Not far from the Japanese communication center is the traditional bai house. Bai houses where places where chiefs came together and it was men-only (except for entertainers), first Europeans got to stay inside here as well.
If you would like to visit the 100 year old house, there are absolutely no signs to it. The road there is as follows: at the large highway going from Koror to northern part, turn right at the gas station as you would go to the airport, don’t turn at airport, but continue straight, past the American embassy object, until turn left at the very end. Bai is supposed to have a keep who will charge you for seeing it and taking pictures, but we didn’t see anyone here. You can also see the new concrete bai on the way here.
One of the most grand modern buildings on the island is the Capitol – looks exactly like one in Washington or Havana, just yellow. If you tap on it, sounds like it’s made from foam rubber. European Union and China gave money to build it. At three pm there were no people there. We walked the nice gardens and went inside the yard, seems politicians here also enjoy short working hours.
At the time we visited Palau, an active election campaign was going on, as they needed new senators and new president. Same as in US, they put up a lot of posters at the road crossings, at times it is difficult to see the name signs if you need to get someplace. Arlene told us that there are more Palauans living abroad and they are the ones who actually determine the fate of the county. She was born in Guam and doesn’t have a right to vote, but has a residents permit, as is married to Palauan. She has to pay everything a tourist would, for example, exit tax.
Former Palau presidents sons wife Mandy Etpison came to Palau as a diving instructor from Netherlands and has not only written several books about the island country, but also established a museum. It is interesting to read about the history and see traditional artifacts such as glass bead money, which are still used in clans, as well as see beautiful seashell collection.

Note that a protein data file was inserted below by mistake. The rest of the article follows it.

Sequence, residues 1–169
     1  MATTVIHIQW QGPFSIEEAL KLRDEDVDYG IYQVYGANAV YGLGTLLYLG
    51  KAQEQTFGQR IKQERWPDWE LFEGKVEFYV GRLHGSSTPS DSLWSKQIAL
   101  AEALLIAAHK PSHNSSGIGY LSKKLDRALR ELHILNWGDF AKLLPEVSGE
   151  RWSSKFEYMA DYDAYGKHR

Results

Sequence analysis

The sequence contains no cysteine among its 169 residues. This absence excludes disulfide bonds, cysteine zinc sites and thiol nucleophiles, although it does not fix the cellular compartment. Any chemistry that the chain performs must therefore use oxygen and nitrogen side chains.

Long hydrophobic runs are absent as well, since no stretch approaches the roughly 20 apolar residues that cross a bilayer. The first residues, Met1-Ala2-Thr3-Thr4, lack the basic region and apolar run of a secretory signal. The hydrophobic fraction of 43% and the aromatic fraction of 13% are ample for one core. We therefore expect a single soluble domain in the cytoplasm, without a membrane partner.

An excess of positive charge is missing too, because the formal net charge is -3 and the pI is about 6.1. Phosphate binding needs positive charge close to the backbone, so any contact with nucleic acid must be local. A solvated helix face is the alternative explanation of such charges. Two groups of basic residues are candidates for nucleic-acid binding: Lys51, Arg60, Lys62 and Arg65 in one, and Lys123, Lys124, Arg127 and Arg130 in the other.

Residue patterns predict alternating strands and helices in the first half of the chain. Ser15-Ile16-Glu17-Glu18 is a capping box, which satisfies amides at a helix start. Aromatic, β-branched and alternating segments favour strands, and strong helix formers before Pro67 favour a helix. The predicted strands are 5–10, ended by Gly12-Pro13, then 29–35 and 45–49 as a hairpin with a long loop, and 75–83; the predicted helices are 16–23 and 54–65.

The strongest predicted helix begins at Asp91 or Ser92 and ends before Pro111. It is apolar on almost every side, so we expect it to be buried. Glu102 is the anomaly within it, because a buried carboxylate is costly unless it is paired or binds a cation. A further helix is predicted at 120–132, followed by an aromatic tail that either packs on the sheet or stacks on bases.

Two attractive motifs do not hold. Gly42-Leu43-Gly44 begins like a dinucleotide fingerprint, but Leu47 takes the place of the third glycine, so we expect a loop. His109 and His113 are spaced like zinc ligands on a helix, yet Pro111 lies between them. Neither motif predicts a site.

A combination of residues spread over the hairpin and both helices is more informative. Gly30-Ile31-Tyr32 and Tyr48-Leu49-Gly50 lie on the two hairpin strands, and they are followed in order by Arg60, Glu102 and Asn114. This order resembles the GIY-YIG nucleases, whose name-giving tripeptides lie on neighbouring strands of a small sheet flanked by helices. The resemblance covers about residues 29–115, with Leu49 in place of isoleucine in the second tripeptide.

Carp Island resort had her book in the dining area. She wrote it celebrating 30 years of her life in Palau and it is quite interesting, describing nature, traditions and history. Perhaps, a bit too heavy for a souvenir, but it’s worth at least to take a look. The entrance is $10 per person and you can plan for 30-45 minutes visit. There is a nice souvenir shop here as well where you can buy wooden carvings, seashells (it’s not allowed to collect them on the beach), jewelry and magnets. You can buy cookies and Japanese alcohol in the city. Don’t leave shopping to the last minute in the airport, as prices are twice as high as in WCTC. But even in the city souvenirs are expensive – magnets cost $4-6, a cookie box $5-10.
When living in M&A, first thing we did every single day was to check what is the weather and the forecast. It was raining for five days straight. We somehow managed to see the monoliths in a short streak of sun, but most of all we wanted to do the scenic flight above the islands, and you definitely need sunny weather for that! We went to the airport on one of those rainy days to find out how it works. There is a Pacific Mission Aviation hangar in the closed area, luckily, a guy was cleaning the airplane and after a little waving he came to speak to us.
He gave us a brochure on the flights and told us to call if we would like to fly, and said that usually spots fill up for the next day around 2-3 pm, when tourists come back from the activities of that day. But we didn’t feel comfortable booking a $180 tour per person and risk bad weather, so we kept on waiting for a sunny day.